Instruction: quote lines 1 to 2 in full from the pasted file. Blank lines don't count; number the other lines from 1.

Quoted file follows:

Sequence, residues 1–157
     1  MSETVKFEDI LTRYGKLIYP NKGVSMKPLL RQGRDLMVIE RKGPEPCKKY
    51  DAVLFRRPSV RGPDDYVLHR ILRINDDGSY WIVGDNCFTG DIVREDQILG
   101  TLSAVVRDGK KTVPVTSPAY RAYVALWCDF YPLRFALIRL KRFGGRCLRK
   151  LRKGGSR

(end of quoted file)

Sequence, residues 1–157
     1  MSETVKFEDI LTRYGKLIYP NKGVSMKPLL RQGRDLMVIE RKGPEPCKKY